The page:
The system tests people for Covid-19 and traces their contacts following a positive result.
One of the workers is James, a 21-year-old geography student based at a testing site near his university in Dundee.
“The classes I have are online so I’ve got quite a bit of free time,” he says.
James wasn’t able to have his usual summer job working in a kitchen because of Covid.
His friends working at a different testing site told him about a new one opening near him in October.
“They were looking for people who could just, at the drop of a hat, come and work,” he says.
“I thought ‘it’s helping the Covid effort, as well as getting me a job. Perfect’.”
People who walk into the testing site are guided through a one-way system to a designated bay, where James explains how to use the swab tests in their nose and mouth.
“I like being on site, it’s interesting, feels like you’re doing something worthwhile,” he says.
“It’s quite a nice place to work, everyone’s friendly, and there’s no worries. Because there’s constant cleaning it doesn’t feel dangerous.”
NHS Test and Trace is run by civil servants and private companies, which have been asked by the government to set up test sites, results labs and call centres for contact tracers.
More than 20% of the 1,400 civil servants working for Test and Trace are aged 25 or under.
James, who’s a private contractor, says he’s able to manage his time with university.
When you take a coronavirus test, it’s sent to a lab where operators like Halima work to find out if it’s positive or negative.
“When I started, end of June, it was very busy,” says the 22-year-old pharmaceutical student.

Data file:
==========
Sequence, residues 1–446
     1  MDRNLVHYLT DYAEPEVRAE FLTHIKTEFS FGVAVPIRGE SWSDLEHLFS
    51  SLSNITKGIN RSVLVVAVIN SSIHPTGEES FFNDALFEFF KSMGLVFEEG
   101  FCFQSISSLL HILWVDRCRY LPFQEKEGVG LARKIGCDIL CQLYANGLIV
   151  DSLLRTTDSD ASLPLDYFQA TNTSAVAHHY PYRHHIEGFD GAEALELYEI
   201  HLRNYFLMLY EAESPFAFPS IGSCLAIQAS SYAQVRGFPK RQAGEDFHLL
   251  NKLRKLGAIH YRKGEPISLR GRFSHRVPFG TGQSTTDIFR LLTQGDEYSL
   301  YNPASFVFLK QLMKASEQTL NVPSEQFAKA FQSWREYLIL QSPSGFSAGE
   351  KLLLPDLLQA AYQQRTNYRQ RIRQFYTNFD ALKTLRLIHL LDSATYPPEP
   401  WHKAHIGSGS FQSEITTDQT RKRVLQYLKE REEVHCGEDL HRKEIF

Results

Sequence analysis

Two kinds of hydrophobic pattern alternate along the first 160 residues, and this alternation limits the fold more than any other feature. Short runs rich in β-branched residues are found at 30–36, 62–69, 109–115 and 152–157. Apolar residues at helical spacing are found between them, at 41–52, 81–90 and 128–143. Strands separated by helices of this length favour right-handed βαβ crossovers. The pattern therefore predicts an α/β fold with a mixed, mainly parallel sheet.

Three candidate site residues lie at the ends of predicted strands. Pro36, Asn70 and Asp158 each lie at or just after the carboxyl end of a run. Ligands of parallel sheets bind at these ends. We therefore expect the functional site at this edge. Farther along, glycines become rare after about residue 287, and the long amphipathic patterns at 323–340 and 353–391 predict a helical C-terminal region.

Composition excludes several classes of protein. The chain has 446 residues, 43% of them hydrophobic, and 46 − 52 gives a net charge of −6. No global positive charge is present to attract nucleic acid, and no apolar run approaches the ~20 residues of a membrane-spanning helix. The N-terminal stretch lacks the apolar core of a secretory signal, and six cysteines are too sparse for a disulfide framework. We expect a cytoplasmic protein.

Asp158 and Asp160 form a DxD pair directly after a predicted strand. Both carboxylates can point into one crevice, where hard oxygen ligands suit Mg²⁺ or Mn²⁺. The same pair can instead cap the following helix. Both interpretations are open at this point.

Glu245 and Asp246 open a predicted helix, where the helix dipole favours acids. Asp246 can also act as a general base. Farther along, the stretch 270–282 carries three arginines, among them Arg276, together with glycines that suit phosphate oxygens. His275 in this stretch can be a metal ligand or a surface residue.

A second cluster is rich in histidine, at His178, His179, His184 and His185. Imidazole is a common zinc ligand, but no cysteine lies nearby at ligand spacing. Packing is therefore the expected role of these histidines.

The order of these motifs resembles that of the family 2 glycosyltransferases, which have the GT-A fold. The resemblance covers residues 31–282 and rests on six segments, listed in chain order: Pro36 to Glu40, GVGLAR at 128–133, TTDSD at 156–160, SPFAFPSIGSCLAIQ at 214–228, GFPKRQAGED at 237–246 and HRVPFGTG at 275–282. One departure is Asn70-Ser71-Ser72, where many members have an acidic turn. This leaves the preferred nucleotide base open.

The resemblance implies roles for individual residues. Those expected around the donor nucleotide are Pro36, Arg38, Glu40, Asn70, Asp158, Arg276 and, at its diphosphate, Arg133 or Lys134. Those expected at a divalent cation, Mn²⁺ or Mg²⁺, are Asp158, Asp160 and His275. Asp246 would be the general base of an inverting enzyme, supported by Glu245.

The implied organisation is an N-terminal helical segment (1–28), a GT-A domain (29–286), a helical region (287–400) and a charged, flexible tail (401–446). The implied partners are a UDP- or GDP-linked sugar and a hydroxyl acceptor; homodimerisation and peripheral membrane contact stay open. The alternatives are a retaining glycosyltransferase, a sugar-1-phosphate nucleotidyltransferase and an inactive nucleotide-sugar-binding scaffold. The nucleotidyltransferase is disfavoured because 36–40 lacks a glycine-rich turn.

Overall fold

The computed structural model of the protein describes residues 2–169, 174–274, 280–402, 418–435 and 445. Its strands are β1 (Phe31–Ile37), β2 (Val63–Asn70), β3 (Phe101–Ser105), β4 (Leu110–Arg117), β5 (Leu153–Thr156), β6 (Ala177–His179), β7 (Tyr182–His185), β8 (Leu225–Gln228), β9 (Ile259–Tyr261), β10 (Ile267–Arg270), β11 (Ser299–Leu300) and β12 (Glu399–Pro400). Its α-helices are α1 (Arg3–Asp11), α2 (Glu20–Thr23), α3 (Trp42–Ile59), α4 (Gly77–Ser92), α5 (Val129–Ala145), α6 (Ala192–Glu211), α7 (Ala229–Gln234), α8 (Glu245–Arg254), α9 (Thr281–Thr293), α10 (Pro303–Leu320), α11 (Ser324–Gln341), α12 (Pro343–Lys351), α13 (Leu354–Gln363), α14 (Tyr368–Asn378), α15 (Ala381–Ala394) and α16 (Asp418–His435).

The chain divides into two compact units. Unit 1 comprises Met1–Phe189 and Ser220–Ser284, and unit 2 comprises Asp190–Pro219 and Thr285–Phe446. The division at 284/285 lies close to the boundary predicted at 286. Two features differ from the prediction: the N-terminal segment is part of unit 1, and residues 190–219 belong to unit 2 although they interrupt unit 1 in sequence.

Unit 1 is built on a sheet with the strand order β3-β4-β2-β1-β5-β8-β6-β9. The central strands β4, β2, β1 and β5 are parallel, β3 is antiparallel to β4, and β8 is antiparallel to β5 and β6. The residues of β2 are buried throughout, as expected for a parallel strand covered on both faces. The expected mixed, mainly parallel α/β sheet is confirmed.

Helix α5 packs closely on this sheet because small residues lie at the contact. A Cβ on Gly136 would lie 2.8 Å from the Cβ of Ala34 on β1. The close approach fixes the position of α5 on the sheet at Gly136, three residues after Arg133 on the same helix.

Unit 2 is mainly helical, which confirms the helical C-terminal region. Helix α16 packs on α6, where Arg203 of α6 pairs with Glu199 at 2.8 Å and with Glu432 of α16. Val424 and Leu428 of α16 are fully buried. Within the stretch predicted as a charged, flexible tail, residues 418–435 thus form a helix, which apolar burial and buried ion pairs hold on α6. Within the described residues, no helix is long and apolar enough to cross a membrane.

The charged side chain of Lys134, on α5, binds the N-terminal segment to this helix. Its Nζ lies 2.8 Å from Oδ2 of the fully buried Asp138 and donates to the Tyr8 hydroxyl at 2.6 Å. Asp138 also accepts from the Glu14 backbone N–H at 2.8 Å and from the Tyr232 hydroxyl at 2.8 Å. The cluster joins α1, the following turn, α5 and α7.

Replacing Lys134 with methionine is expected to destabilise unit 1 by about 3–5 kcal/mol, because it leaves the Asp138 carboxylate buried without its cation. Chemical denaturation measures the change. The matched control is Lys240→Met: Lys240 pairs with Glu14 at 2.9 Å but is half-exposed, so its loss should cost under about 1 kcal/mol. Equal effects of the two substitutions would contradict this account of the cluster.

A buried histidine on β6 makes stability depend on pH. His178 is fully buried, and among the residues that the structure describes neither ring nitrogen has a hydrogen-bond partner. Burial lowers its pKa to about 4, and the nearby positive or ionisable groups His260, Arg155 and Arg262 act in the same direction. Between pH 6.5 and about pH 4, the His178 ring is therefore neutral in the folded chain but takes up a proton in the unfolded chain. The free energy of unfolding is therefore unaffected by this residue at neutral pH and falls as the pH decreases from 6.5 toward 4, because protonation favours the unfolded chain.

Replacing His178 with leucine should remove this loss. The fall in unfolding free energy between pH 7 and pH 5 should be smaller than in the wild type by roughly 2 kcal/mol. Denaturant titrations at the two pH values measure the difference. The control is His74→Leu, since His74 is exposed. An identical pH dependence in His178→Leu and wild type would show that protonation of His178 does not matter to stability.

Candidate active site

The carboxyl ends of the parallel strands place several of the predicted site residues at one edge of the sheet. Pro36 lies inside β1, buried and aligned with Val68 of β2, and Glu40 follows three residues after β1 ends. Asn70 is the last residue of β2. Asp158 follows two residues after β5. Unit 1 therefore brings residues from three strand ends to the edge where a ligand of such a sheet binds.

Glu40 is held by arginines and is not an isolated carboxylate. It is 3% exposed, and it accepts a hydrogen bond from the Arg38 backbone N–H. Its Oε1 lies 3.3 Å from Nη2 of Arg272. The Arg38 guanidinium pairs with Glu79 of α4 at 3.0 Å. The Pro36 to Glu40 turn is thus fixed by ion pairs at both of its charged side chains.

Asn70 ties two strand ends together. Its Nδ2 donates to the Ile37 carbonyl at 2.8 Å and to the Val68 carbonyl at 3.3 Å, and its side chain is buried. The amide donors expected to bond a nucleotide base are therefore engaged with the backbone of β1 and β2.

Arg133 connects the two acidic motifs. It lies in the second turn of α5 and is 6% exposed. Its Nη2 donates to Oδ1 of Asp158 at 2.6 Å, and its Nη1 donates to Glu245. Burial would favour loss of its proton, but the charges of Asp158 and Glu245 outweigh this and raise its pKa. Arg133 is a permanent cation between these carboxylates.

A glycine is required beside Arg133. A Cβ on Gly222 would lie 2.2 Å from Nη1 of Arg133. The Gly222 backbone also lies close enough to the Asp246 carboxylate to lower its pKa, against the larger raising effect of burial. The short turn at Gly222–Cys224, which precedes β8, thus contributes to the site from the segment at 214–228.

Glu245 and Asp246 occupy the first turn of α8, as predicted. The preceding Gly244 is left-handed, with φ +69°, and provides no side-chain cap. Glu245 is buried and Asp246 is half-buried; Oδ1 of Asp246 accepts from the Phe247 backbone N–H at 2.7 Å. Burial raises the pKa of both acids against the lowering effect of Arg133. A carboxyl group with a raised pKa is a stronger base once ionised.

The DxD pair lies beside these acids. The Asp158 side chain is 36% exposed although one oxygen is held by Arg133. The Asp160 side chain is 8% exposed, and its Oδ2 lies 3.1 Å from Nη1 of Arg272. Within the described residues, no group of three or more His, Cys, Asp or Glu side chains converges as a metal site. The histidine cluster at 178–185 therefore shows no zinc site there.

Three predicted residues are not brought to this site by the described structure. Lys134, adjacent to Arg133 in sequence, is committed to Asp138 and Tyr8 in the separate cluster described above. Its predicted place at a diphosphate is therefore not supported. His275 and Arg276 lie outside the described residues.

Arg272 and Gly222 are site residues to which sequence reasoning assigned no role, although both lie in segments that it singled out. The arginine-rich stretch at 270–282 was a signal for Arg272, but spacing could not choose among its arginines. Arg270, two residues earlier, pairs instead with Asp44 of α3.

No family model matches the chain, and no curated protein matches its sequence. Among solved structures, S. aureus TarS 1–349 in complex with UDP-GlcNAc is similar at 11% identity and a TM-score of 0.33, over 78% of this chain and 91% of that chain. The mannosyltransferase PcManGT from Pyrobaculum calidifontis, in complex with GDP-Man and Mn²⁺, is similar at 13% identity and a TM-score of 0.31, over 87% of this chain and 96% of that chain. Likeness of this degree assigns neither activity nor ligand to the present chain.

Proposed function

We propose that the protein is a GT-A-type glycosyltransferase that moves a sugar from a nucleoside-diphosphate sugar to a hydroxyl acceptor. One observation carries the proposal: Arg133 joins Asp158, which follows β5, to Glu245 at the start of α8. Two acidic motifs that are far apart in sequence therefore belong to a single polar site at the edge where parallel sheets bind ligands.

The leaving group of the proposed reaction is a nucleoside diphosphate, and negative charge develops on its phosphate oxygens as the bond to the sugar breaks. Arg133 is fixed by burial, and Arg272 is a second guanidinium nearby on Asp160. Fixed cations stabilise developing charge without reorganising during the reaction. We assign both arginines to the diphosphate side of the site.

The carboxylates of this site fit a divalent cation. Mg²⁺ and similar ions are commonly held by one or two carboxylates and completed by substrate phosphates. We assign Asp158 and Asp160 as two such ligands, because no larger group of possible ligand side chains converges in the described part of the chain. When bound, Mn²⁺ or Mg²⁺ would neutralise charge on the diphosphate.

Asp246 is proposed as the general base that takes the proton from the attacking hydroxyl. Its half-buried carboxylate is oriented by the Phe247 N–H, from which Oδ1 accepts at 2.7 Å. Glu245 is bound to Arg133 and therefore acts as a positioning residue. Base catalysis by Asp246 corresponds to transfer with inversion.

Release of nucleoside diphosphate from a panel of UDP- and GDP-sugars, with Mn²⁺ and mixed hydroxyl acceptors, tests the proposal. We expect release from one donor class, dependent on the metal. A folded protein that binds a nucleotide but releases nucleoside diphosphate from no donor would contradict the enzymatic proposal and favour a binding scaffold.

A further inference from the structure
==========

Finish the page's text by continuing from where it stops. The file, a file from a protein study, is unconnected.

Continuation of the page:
“Day shifts and evening shifts are very different in terms of the amount of samples that are coming in.”
Halima works alongside virologists, wearing protective clothes.
It’s her job to unpack the swab tests that have come from hospitals or testing sites, working in a special isolated cabinet.
She makes sure there’s enough of a sample to be tested before it can go through a machine to check for coronavirus.
Halima applied to work at Milton Keynes Lighthouse Lab after one of her lecturers shared an advert online.
“I had to explain how I had prior experience in the lab that I’m already working in at university,” she says.
She also had experience helping other students earlier in their degrees.
“I give them help with skills in terms of pipetting, and how to use the instruments.”
She says working as a lab operator has helped her uni work.
“Now I’m able to apply knowledge that I have. It makes me more confident when I come back into university labs.”
image copyrightREUTERS/Carl Recine
Six months ago, Prime Minister Boris Johnson said Test and Trace would be “world beating”.
But there’s been criticism of the service, especially the contact tracing part.
The government’s scientific advisers say at least 80% of people contacted would need to isolate for it to work properly.
But government data from 19 to 25 November estimated that not all the infected people contacted revealed who they had been in touch with.
Of those that did, just over 70% of their contacts were reached. And Test and Trace thinks that only half of those contacted properly isolate.
How does Test and Trace work?
When James sees negative headlines about the system he feels they are “quite unfair”, in relation to his job at least.
“Everything has been slick and efficient, there’s not been any disasters on site,” he says.
Halima says she understands some of the dissatisfaction.
“I have family that are frustrated, friends who are wondering.”
She wants more done to help contact tracers communicate better with ethnic minority groups, such as the Somali community she’s part of.
“If there’s individuals who can lead, but also translate, in those groups, then it could potentially bridge the unknown.”
The NHS Covid-19 app, which launched in September and tells you if you need to isolate, is available in 12 languages, including Somali, Urdu and Bengali.
But Halima says there are still communication barriers: “The reality of it is, we’re out here helping each other.”
She adds that “it does disturb my peace” seeing criticism of contact tracing in the news.
It’s not all negative though.
James says “what’s not to like about positive vaccine headlines?”, welcoming the news of vaccines being approved in the UK.
He says even though it might mean his job eventually no longer exists, it “means things can maybe start going back to normal.”
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